OHSU researchers work on AIDS vaccine

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Articles - November/December 2013
Monday, October 28, 2013

BY LINDA BAKER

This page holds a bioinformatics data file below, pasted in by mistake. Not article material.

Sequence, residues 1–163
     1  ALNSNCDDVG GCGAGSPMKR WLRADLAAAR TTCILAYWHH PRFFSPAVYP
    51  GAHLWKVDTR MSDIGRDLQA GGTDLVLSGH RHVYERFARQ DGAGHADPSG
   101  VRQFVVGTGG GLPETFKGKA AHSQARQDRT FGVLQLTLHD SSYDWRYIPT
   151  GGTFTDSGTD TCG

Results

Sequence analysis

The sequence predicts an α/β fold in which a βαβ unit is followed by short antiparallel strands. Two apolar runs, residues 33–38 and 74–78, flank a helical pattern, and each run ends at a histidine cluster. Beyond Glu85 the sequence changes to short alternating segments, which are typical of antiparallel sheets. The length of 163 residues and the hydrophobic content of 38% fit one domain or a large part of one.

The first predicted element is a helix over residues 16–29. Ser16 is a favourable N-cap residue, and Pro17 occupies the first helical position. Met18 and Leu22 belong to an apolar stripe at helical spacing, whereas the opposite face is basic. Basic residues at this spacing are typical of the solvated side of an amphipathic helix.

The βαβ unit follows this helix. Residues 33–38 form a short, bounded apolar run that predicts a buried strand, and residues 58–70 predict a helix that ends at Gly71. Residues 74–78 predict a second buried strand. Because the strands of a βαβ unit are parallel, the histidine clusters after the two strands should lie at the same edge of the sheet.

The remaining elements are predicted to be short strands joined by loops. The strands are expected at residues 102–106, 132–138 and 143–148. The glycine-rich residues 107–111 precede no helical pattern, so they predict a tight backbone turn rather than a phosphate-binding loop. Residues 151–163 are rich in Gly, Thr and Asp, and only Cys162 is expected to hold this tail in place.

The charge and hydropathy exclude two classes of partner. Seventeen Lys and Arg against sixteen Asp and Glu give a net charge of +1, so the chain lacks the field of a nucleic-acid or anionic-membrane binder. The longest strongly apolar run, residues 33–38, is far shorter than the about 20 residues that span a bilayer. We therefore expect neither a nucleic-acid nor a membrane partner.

1113 NextTo develop a vaccine, researchers typically identify the disease agent, weaken or kill it, then set it loose in the body. The immune system destroys the weakened virus, leaving the vaccinated individual with a host of immune cells to ward off future infection. Alas, that time-honored strategy doesn’t work with HIV; you can’t weaken the virus enough so it is still safe to dole out in vaccine form. HIV is also especially tricky to clear completely from the body. To get around these challenges, Louis Picker, associate director of the OHSU Vaccine and Gene Therapy Institute, created an experimental AIDS vaccine from cytomegalovirus, a virus that is just as persistent as HIV but doesn’t cause disease. In tests on 16 monkeys, the vaccine eliminated an aggressive form of HIV in half of them — the first ever to demonstrate that kind of success. “The standard vaccine generates a big [immune] response, but that response ultimately goes away,” Picker says. “Ours keeps the T-cells armed and ready all the time.” His team is now working to translate the vaccine into a form suitable for humans — and figure out why some of the monkeys were not protected. There are about 50 million HIV infections worldwide; none have been eradicated. With the new vaccine, Picker says, the odds are better. “The score is host 50, virus 50.”

 

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